Federated States of America

Federated States of America

“Best damned country in the world right here, yes sir. An’ the rest of the world’s gonna learn that fast!”
– Senator James G. McCloskey of Mississippi, to a consortium of leading businessmen, Washington D.C 1867

The FSA has come a long way since its founders and their ramshackle but fiercely resolute armies forced the British Empire to relinquish its rule over their small collection of colonies on the eastern coast of North America. In its brief life, the country now known as the Federated States of America has witnessed all manner of events that normally take other countries centuries to experience. From a union of colonies it has become an empire; it has been invaded and has waged wars of conquest. It has seen political and moral arguments by the score. Most recently, it has been near-torn apart by a terrible civil war, but rose phoenix-like, to take its place at the table of the world’s great powers. Relatively isolated from the troubles of the wider world by great oceans and continental wilderness, the FSA is only now beginning to play an active role in international affairs. But such is its size, population and sheer vigorous energy that it’s awakening will shake the established pillars of the world. For, as President Adams said when he addressed Congress after the second New Federalist election victory in 1868, there is one simple truth that the other powers will quickly learn – “the FSA is here to stay”.

Federated States of America's Flag

Federated States of America's Flag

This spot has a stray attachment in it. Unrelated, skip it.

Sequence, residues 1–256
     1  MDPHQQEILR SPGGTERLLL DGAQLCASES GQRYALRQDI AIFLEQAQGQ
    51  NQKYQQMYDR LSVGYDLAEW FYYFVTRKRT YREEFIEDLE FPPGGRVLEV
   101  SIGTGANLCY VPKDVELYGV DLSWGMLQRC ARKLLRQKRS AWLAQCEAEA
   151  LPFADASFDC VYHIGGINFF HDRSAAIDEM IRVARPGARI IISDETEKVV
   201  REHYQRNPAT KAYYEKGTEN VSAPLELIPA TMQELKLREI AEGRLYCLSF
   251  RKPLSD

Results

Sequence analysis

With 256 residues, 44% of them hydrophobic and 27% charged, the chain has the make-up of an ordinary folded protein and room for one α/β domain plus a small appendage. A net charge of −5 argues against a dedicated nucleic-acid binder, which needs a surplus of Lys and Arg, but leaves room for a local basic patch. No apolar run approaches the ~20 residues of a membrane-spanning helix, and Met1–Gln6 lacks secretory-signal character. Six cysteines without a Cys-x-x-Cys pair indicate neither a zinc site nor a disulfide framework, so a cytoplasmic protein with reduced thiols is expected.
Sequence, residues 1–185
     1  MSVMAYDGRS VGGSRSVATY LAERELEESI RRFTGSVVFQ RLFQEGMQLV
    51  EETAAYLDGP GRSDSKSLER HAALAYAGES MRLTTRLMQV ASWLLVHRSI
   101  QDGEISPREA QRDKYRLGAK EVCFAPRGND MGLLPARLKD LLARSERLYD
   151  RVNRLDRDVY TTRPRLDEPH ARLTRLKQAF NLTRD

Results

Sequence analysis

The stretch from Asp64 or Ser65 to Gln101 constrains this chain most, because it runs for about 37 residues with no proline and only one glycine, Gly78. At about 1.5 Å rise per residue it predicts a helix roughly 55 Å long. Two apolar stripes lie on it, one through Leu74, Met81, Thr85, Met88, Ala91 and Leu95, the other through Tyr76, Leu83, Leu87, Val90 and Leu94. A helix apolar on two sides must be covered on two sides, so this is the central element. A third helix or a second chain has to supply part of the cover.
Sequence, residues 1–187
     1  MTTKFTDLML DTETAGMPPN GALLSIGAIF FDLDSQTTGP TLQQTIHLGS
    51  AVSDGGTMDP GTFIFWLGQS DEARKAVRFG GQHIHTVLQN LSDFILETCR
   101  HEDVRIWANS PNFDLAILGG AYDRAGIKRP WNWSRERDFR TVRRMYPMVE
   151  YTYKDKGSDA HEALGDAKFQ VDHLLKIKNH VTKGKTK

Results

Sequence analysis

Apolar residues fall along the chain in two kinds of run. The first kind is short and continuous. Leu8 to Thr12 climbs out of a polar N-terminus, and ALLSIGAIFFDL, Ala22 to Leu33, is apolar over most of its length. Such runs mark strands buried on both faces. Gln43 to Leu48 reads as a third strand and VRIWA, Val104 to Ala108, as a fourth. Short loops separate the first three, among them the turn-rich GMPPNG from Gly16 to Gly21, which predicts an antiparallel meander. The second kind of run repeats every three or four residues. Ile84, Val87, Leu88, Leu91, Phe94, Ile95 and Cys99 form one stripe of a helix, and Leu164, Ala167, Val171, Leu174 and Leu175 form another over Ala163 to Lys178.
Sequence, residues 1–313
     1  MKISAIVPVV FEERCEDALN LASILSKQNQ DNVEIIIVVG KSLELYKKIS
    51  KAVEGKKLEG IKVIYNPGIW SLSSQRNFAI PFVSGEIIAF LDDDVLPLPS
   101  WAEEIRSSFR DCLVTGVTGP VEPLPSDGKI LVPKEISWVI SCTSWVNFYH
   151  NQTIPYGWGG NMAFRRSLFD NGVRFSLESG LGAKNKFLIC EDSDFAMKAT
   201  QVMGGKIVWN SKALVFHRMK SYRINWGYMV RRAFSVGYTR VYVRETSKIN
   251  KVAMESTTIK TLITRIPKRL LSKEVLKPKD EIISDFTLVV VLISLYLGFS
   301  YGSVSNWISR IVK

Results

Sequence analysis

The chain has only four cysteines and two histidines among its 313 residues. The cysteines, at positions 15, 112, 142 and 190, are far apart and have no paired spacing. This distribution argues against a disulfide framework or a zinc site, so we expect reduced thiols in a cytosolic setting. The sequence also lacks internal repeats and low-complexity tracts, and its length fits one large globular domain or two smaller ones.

In terms of sheer size, the FSA is the second largest power in the world, with only the Russian Coalition covering more territory. Wars of expansion and waves of settlement over the last one hundred years have seen the country’s territory expand from its original holdings to stretch from coast to coast of the North American continent, and extend deeply into central and South America as well. The bulk of the FSA’s North American heartlands are divided up into States of the Federacy, each with its own government, judiciary and military forces, which mirror the Federacy’s own structure in miniature. However, there is still a vast region of the north-west up towards the borders with Britannian Canada and Russian Alaska that is still effectively frontier territory and is only now being permanently settled. Further to the south, the old Republic of Texas and its one time enemy, the seven states of the Republic of Mexico, have been subsumed wholly into the Federacy, but beyond that, the smaller former republics, now known as the Associated Latin Territories, are still in the process of fully joining the Federacy’s political system. The FSA currently controls no extra-territorial lands apart from the islands of Cuba and Puerto Rico in the Caribbean, acquired after the defeat of Mexico by the former United States in 1837.